Swinging the door open to my left, and trying not to think about the nature of the discoloration near the handle, I stepped into the restroom, and I saw him. I have you now, you bastard. He was there, as I imagined was his habit, using the middle urinal: the one that doesn’t flush properly. This hulking, lumbering oaf of man-like appearance was the one whose foul bile was left daily to pollute the lavatory with its loathsome odor. His back was to me, preventing me from seeing his eyes, but I could tell that they gleamed with hatred for all his fellow beings, whose every breath was poisoned with the reek of his abhorrence. Fair Justice had delivered him into my grasp; now was the time for action. I must strike now, and rid the community of man forever of this pest. But what was I to do? I am a man of thought, of feeling, of dreams and aspirations perhaps, but not of violence. Were I to attack the brute head on, unarmed and unaided, his fists would surely make short work of me. But what of Justice, bespoilt thus, and by such a creature? Had her cause left to it no champion? No defender? If I did nothing, did I not share in the guilt of my antagonist? Alas, while my heart wrestled thus with itself, the brute finished his vile work, and without seeming to notice my presence, brushed past me and out the door, without so much as casting a glance in the direction of the sink, soap and towels. (Disgusted as I was, I cannot claim to have been surprised to find that he was not among their votaries.) A short while later, having fulfilled my own purpose for venturing thither, and after disposing of his filth (for indeed, all that the middle urinal requires is that the handle be held down for a short while longer than usual), I pried open the door with a paper towel, dropping it in its proper place as I departed, and sulked back to my desk, cursing my cowardice. I had my foe within an arm’s length, and in my weakness had let him escape, to perpetrate perhaps still greater crimes against his fellow creatures.
Some two days hence, I once again found myself in that same place, for though it was with a heavy heart I returned, necessity compelled me thither with what, if you will excuse my use of the term, I shall call regularity. Little could I believe the vicissitudes of fortune, for there again was my foe, and unrepentantly committing his habitual crime! I have you now, you bastard! But wait: surely I was deceived, I thought, for this was not the same brute as before. Does there exist some confederation of beings so indifferent to the plight of their neighbor? Surely not, for what could such creatures desire in associating with one another? Could there be a more absurd notion than a community of the antisocial? Nay, what I beheld must surely go by another name, that of Anarchy. I was defeated. Perhaps, overcoming my cowardice and taking advantage of my superior agility I may have bested one man, but this was far worse. This wasn’t merely a crime, it was systematic misanthropy. It was chaos. Their habitual unruliness required not the narrow blade of Justice, but the broad, inescapable net of the Law.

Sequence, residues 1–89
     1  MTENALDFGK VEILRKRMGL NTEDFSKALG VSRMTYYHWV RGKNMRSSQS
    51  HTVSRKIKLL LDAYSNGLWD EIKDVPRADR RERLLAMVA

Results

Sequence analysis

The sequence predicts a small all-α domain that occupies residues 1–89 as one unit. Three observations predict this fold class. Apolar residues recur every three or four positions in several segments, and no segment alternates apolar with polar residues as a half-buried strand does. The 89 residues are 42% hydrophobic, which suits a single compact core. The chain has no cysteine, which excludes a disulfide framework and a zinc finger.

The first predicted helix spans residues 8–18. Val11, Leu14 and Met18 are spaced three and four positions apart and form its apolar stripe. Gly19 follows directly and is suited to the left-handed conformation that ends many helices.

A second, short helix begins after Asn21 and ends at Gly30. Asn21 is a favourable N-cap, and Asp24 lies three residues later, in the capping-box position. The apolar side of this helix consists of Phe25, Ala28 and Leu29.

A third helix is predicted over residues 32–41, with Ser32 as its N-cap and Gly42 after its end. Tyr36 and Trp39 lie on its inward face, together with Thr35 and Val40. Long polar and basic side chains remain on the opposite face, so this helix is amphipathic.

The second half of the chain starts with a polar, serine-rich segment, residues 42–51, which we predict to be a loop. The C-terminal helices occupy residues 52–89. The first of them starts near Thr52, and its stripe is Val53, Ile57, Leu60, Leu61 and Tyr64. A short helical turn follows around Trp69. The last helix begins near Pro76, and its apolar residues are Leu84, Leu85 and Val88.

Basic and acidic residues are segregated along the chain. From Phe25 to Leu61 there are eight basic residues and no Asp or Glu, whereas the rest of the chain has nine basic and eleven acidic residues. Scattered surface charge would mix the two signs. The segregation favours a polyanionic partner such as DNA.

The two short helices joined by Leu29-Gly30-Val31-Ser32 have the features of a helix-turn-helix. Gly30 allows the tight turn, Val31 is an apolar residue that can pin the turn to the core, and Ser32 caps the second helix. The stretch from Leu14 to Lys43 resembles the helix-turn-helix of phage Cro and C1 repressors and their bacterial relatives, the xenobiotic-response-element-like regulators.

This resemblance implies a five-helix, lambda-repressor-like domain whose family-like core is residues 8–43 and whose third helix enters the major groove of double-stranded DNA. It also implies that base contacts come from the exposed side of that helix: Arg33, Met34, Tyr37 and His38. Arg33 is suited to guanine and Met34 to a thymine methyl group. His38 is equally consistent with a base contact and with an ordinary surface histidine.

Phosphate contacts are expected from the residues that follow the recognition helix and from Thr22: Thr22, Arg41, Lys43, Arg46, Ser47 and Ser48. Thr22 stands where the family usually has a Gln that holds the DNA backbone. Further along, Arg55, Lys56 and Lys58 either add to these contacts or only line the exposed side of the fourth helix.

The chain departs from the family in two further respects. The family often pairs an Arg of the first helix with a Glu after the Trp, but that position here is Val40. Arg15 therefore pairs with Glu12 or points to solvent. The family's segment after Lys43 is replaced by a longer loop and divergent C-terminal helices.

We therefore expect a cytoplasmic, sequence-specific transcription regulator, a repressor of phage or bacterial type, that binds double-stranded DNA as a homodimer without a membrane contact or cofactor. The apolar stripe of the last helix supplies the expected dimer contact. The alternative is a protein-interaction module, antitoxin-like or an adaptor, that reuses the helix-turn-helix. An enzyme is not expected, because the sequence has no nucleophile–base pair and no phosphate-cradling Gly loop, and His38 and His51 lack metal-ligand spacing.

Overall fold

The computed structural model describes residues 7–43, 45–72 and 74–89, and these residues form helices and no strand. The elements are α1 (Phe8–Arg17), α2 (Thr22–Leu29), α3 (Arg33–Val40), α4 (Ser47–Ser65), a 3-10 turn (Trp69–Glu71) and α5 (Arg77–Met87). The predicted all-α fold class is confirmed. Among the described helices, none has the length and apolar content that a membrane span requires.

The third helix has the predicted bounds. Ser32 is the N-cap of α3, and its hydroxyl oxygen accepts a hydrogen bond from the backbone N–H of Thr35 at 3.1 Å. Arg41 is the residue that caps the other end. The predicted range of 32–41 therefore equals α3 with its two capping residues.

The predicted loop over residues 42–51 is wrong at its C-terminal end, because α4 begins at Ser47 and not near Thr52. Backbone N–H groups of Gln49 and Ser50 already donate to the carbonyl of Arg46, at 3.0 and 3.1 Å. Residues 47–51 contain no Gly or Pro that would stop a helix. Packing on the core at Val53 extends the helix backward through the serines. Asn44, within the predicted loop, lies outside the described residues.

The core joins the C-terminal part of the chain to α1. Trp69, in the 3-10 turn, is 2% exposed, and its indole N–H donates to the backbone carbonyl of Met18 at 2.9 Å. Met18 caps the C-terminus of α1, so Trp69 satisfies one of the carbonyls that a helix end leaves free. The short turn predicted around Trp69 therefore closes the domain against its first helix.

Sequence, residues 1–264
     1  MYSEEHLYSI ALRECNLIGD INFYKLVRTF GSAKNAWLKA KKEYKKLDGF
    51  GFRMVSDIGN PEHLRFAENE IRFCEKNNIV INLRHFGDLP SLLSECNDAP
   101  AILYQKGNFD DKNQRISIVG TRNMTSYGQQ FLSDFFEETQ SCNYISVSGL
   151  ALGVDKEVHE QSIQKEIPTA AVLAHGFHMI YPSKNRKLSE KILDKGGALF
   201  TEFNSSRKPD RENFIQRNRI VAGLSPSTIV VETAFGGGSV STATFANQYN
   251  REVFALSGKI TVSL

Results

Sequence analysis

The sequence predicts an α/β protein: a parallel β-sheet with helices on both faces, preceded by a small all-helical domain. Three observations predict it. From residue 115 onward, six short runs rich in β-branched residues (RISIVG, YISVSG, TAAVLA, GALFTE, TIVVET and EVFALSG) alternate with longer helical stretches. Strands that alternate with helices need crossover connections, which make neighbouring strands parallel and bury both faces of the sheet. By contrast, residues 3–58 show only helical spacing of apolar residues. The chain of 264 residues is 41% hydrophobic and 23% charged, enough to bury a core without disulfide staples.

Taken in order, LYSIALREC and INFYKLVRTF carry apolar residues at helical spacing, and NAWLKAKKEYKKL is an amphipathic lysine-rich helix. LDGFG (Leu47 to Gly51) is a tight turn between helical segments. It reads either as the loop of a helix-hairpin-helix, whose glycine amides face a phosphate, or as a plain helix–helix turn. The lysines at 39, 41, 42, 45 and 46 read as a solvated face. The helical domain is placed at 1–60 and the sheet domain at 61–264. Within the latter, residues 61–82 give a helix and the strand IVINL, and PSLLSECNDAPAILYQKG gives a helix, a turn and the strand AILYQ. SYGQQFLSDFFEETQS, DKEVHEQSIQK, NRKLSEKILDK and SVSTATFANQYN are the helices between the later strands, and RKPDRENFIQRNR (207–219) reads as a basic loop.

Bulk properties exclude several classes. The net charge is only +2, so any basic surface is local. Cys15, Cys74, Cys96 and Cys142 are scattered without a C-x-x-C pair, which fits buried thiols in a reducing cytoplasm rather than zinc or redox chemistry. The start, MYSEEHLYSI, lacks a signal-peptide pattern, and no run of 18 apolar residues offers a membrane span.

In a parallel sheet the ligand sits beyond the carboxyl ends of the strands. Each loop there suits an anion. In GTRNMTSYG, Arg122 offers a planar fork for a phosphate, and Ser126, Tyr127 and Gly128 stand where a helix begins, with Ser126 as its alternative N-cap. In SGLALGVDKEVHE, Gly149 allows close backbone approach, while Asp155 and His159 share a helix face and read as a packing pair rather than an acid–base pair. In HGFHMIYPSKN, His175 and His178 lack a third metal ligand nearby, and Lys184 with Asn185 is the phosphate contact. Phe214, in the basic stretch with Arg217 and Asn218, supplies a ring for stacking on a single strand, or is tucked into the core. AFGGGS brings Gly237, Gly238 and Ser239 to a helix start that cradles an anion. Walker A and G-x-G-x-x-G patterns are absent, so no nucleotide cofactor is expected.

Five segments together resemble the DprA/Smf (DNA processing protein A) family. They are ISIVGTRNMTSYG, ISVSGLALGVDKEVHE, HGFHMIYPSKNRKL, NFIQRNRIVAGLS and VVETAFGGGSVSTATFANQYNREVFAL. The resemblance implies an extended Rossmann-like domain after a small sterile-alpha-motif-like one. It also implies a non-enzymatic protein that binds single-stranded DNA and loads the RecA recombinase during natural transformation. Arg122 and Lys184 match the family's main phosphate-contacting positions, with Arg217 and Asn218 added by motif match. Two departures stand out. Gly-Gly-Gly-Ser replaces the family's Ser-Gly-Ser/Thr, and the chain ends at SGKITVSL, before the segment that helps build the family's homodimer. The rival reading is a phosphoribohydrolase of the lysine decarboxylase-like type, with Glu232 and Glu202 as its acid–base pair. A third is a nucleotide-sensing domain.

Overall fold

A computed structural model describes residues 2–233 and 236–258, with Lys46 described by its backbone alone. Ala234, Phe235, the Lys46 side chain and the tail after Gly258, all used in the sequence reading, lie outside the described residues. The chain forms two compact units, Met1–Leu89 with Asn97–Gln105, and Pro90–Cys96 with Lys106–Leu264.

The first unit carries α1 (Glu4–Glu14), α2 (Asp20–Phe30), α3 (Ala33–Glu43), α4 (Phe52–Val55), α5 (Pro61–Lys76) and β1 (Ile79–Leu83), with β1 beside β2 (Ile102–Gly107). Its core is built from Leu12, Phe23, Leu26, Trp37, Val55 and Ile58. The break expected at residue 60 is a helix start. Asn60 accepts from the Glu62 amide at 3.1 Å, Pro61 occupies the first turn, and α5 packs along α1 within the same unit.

What was I to do? Certainly, one man cannot of himself be Law, for that would amount to nothing less than tyranny, but mayhap, like Moses of old, insignificant man that I am, I could give Law. Yes! Give them the Law, and yea, let it be writ upon their very hearts! Perhaps their malformed consciences merely had need of some dictum to follow, to lead them down the path of clean living. Morally, I was presented with little less than a Divine imperative, both to protect the community in which I found myself from further misdeeds, and also to guide these wayward souls, that they may no more offend the dignity of their brethren.
My plan having been hatched some short while after the aforementioned second encounter, I arose from my desk, and stepping across the hall, removed my latter-day Stone Tablet from the laser printer. Grasping the Notice in one hand, and clutching in the other a scotch tape dispenser, I swiftly, and purposefully, made my way back to the restroom. Destiny, it seems (and there is no shortage of evidence to this fact), has a taste for the dramatic, for no poet could have composed a more fitting end to my sordid story but that I should find once again, and for the final time, the stink of human micturation wafting through the air! Emboldened in my purpose, I strode to the spot of the offense, determined that none might catch me, and learn from what ignorable authority came my Notice. Swiftly, yet with great care, I removed four pieces of the tape, and affixed the Notice on the wall above the urinal, a rallying cry of Justice in a world of wanton cruelty. In plain letters, it read:
OUT OF ORDER
DO NOT USE
Having thus giv’n the Law to the Idolaters, with a flourish of my hand I pressed and held down the handle of the troublesome urinal, banishing forever the cruel injustice which I and those of like conscience had before suffered in silence. Out, foul urine! Trouble no more the works of man!
Justice, be thou ever so well-served!